What Are The Reasons For Sole Legal Custody in Massachusetts?

You’re getting ready to separate. But you’re afraid that co-parenting is going to be a problem. You can’t see eye to eye with the other parent on anything. How are you going to be able to work together on your child’s needs?

Legal custody in MA determines which parent makes the major decisions for the child: healthcare, schooling, religion, etc. Note that this is different from physical custody, which addresses the child’s primary residence and parenting time.

Generally, parents are awarded shared legal custody. Think of it as the default legal custody arrangement. If both parents are relatively stable and can communicate to some degree, it’s in the child’s best interest to have both parents involved in decision-making about the child.

However, although it’s ideal to have both parents involved, the overall priority in any divorce or custody action is the best interest of the child. And sometimes, shared legal custody is not in the best interest of the child.

What are the issues that make the court more likely to award sole as opposed to shared legal custody? Although this list is not exhaustive, it provides some examples of reasons that the court would designate one parent the captain of the ship.

Issues that may lead to sole legal custody

  • Abuse: If there’s a history of abuse, especially a recent history, the court may order sole legal custody to the non-abusive parent. It may be abuse of the child or of the other parent. This is especially common when a divorce or custody filing is paired with a restraining order. In fact, if there are credible issues of abuse, the court MUST order sole legal custody unless the judge specifies in writing why shared legal custody is appropriate.
  • Parent impaired by mental illness and/or substance abuse: If a parent is mentally ill and/or abusing a substance to the point that the parent’s judgement is impaired, the court may order sole legal custody to the stable parent. Parents struggling with these issues generally have an opportunity to work through them. If the parent is demonstrating a consistent effort to address the issues, the court may give the parent the benefit of the doubt, and allow shared legal custody. However, if it appears these issues will significantly impair judgment and/or the relationship with the other parent, the court may award sole legal custody to the stable parent.
  • Lack of contact with the child: If a parent hasn’t been involved with the child for a significant period of time leading up to the court proceedings, sole legal custody may be appropriate. If there’s been no contact between the parent and child, the parent is likely not in tune with the child’s needs. Therefore, it’s risky to give that parent the right to make major decisions about the child.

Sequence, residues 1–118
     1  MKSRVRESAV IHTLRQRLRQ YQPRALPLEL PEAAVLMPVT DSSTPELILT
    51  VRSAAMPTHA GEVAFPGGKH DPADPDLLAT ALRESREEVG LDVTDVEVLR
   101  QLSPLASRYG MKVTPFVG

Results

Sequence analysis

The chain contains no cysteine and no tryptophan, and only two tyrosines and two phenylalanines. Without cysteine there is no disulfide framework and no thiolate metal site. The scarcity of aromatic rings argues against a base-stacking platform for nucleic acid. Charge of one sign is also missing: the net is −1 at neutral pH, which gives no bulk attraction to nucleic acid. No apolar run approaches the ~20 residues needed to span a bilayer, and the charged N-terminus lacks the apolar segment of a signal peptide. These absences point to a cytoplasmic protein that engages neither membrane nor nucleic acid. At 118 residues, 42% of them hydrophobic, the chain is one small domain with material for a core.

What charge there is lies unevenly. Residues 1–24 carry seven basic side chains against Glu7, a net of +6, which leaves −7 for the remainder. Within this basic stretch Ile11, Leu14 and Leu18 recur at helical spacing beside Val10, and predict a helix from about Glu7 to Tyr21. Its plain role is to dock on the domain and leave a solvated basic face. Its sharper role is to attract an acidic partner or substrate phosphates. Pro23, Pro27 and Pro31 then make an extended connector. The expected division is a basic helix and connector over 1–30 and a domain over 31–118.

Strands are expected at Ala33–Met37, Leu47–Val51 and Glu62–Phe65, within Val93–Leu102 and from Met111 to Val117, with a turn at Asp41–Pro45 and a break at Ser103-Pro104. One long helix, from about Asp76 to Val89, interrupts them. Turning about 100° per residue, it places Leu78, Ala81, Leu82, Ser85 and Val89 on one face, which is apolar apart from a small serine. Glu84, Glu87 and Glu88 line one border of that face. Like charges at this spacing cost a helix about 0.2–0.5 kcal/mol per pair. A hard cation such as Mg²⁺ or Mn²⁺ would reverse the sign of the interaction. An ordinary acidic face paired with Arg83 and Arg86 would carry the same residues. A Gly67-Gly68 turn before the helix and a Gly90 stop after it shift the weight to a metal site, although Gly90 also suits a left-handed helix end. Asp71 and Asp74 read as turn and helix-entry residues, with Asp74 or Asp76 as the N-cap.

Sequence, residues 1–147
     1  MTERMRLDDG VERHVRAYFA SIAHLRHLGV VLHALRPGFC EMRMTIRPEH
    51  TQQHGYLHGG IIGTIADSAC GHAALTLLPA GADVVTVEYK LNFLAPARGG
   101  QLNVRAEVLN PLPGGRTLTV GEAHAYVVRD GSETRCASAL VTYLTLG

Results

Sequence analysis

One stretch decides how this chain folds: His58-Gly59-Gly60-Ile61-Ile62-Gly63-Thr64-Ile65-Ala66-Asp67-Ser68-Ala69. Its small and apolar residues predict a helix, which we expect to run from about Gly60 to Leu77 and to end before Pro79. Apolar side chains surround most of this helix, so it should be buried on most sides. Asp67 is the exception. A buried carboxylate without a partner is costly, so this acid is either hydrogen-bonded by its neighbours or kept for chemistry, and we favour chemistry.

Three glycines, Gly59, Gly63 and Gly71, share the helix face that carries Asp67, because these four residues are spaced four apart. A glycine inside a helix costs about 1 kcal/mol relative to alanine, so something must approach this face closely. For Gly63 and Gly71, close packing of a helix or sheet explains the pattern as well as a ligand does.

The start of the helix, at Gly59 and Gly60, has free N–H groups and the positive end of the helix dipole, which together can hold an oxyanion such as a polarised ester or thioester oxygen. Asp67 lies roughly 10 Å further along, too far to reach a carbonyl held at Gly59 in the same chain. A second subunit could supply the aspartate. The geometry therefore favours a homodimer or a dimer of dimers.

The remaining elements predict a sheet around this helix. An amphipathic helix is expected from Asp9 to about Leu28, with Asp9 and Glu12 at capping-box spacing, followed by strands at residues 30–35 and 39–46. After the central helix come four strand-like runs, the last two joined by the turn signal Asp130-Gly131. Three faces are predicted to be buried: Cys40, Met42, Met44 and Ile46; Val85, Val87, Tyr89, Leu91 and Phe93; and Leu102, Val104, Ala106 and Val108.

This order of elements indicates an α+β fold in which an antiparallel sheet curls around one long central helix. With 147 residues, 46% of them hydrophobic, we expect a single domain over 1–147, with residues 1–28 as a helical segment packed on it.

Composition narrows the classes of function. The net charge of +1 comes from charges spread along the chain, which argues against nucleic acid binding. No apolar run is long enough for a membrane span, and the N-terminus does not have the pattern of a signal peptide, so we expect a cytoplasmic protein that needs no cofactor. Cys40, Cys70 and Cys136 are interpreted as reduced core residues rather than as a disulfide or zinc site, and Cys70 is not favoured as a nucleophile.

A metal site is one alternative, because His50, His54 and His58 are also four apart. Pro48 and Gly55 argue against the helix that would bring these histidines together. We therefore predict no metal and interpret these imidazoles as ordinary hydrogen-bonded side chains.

• Breakdown of parental communication: If the parents’ relationship is so strained that they cannot effectively communicate, the court may order sole legal custody. Although this is a potential reason for ordering sole custody, before denying shared legal custody, the court will first encourage the parties to work on their communication issues. The parents may be ordered to do counseling, or to use a parenting app to bolster communication. However, if it’s clear that communication issues will negatively impact the child, sole legal custody may be the best option.

Although this is not an exhaustive list of the reasons a court would order sole legal custody, these are the most common issues that lead to that type of ruling.

If you have any questions about sole legal custody or any family law issues in general, feel free to contact us.


What does sole legal and physical custody mean?

Legal custody is about which parent makes the major decisions for a child: health care, schooling, moral development, etc. Physical custody is about where the child resides. Therefore, if a parent has sole legal and physical custody, that parent makes all of the major decisions for the child and has the child most of the time.

What are the benefits of sole custody?

The benefit of sole legal custody is that you can make all the major decisions for the child without approval from the other parent—for example, decisions related to health, schooling, moral issues, etc. The benefits of sole physical custody are that the child lives with you most of the time, and you will receive a greater amount of child support than if there were a shared parenting arrangement.

Can I move out of state if I have sole legal custody?

Even if you have sole legal custody, you cannot move out of the state of MA permanently with the child without either the father’s permission or an order of the court.

What’s the difference between sole and full custody?

There’s no difference between sole and full custody in MA. Both terms mean the same thing, but the courts usually use the term “sole.”

Is it hard to get sole custody?

Whether it’s hard to get sole custody depends on the circumstances. First, there’s legal custody, which is about making major decisions for the child, and there’s physical custody, which is about how much time the child spends with each parent. It’s hard to get sole legal custody if there are no significant issues with the other parent and the other parent can effectively be involved in major decisions for the child. And it’s hard to get sole physical custody if it’s in the best interest of the child to spend at least half the time with the other parent.

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